We walked to "downtown" Fairbanks, finding a coffee place called Mocha Dan's where we got some breakfast sammiches and coffee, avoiding hotel restaurants and their $14/person sorry buffets.
A relatively short ride on the bus to a riverboat ride on the paddlewheeler "Discovery III."
This took about three hours, including a one hour stop at a mock native village culture display. The "native" chicks were very cute,
and we learned a lot as well. We also saw a famous dog musher (Lance Mackey), as well as the widower of another famous dog musher (Susan Butcher).
From the boat ride we went to Gold Dredge #8, which ran from 1929 to 1959.
It was amazing how that process worked and how damaging it was to the land as well as the men running the dredge with its liquid mercury gold dust collection system. We also had lunch there. Miner Stew, biscuits, muffins, and horrible iced tea. (I'm always amazed how often something so simple is done so badly.)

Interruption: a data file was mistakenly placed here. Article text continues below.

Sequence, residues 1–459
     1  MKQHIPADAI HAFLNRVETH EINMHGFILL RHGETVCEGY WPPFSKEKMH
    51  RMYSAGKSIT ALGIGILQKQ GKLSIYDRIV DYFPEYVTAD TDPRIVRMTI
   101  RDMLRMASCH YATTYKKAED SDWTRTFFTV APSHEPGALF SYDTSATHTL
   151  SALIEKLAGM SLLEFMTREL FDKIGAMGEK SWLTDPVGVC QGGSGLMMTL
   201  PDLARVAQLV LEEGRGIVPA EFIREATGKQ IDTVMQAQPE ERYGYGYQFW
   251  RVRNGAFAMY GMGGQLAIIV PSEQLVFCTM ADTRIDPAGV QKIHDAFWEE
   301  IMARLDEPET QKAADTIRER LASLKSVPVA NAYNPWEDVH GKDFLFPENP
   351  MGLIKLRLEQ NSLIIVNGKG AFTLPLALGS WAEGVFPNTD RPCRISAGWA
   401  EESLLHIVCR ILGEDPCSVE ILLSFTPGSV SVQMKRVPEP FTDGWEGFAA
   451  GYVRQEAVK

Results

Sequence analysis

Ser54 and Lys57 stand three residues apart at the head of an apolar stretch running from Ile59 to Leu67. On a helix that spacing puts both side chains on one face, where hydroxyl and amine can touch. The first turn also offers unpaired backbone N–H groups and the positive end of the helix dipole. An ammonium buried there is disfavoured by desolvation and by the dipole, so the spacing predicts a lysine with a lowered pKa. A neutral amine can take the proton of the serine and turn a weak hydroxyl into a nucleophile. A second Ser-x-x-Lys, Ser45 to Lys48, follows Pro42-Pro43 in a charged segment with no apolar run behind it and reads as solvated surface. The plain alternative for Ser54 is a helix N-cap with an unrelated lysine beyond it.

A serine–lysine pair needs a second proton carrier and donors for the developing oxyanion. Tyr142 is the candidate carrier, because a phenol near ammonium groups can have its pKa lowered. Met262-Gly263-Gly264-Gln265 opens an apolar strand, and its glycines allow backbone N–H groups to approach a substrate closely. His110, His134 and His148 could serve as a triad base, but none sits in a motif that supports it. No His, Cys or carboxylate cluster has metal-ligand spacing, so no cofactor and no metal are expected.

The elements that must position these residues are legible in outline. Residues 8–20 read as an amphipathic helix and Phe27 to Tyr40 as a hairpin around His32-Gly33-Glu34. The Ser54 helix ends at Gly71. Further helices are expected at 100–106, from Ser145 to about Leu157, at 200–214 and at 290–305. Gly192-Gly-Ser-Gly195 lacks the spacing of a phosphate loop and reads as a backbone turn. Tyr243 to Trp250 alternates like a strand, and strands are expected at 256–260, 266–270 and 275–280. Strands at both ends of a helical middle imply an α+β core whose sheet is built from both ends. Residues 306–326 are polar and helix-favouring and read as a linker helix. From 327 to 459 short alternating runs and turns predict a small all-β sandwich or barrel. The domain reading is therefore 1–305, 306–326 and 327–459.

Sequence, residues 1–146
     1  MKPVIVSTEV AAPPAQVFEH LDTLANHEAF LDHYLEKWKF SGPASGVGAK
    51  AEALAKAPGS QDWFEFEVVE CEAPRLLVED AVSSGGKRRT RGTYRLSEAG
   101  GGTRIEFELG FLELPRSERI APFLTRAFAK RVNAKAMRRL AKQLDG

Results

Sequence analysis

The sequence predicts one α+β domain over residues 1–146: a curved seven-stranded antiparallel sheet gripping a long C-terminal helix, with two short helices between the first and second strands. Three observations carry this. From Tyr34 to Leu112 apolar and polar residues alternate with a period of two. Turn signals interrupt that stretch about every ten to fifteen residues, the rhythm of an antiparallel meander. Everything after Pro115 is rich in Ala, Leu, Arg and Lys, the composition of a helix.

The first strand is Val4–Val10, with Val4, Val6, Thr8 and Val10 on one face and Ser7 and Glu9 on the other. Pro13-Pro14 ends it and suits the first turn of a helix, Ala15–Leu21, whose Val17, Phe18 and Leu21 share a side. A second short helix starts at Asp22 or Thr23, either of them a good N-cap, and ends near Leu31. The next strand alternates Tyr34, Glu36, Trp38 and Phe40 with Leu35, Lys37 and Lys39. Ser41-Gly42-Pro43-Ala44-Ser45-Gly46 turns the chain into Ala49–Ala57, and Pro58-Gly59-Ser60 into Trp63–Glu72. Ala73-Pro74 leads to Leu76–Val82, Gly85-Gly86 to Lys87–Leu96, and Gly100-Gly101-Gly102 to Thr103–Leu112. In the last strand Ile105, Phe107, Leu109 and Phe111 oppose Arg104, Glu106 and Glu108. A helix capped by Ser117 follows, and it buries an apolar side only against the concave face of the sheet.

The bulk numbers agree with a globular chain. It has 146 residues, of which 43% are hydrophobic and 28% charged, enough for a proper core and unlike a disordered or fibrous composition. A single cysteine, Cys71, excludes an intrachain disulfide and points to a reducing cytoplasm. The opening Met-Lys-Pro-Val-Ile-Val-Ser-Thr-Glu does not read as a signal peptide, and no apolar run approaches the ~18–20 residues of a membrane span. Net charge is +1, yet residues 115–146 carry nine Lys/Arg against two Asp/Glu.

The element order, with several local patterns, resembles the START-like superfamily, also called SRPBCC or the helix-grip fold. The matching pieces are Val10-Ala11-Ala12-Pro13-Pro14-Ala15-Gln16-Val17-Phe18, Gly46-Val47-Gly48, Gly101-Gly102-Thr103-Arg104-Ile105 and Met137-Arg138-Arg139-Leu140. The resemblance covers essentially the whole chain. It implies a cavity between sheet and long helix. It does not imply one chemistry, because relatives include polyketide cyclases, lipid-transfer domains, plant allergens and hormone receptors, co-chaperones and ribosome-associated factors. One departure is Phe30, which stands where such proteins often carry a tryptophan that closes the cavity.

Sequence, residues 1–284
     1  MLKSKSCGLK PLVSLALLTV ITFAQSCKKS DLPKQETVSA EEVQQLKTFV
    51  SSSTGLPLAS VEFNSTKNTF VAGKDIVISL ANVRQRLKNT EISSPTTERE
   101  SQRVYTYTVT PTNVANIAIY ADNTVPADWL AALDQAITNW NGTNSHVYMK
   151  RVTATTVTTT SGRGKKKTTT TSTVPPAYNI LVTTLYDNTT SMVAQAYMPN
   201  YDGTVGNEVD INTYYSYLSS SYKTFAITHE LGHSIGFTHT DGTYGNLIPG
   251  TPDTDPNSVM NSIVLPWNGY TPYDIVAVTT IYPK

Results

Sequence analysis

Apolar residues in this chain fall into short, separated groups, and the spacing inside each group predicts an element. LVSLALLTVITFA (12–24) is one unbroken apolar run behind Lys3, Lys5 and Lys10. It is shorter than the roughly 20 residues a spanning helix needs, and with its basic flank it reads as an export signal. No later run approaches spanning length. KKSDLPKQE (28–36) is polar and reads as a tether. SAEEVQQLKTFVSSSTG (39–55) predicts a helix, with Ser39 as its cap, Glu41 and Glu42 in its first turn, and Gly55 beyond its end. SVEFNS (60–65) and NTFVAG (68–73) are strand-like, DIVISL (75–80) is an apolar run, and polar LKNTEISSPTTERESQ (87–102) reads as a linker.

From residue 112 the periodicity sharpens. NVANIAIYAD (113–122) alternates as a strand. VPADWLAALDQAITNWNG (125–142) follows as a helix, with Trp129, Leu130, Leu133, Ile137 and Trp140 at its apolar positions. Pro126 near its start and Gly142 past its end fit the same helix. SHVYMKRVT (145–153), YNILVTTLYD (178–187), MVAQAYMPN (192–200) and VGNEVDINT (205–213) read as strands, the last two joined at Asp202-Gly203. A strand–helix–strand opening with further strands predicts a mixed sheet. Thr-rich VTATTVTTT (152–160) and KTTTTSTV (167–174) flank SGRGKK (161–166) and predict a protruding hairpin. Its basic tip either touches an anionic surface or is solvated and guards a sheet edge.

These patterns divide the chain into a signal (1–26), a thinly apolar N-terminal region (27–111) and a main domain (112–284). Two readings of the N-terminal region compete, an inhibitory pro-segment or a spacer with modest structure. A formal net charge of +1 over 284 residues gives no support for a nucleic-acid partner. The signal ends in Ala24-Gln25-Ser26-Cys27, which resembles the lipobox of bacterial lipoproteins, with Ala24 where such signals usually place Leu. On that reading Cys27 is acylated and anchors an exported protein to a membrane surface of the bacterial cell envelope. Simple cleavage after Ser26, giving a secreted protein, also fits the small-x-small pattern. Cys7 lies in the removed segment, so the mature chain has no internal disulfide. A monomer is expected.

After the dredge we went to the El Dorado Gold Mine.
We had a train tour of traditional mining, followed by a demonstration of sluice panning, after which we each got a bag of pay dirt that we were able to pan ourselves. That was a lot of fun. I had about 6.5 grains of gold in mine, worth around $24 (gold is ~$1200 oz. right now.) I have no idea what to do with it.
On the way back to the hotel, we stopped at the Alaska Pipeline. It was somewhat interesting.
Tristan dances about architecture
In the evening, Jennifer and I took Dad to a restaurant called Thai House.
It was really good. Being uncertain whether or not Dad would eat squid, when we got our calimari appetizer, I described the squid bits with the generic "seafood" term. Dad cleaned his plate, and we brought our leftovers back for Kayley, who really enjoyed them.
We finished off the night (since it was still really light out) by heading back downtown to the Fudge Pot. Can't go wrong with fudge.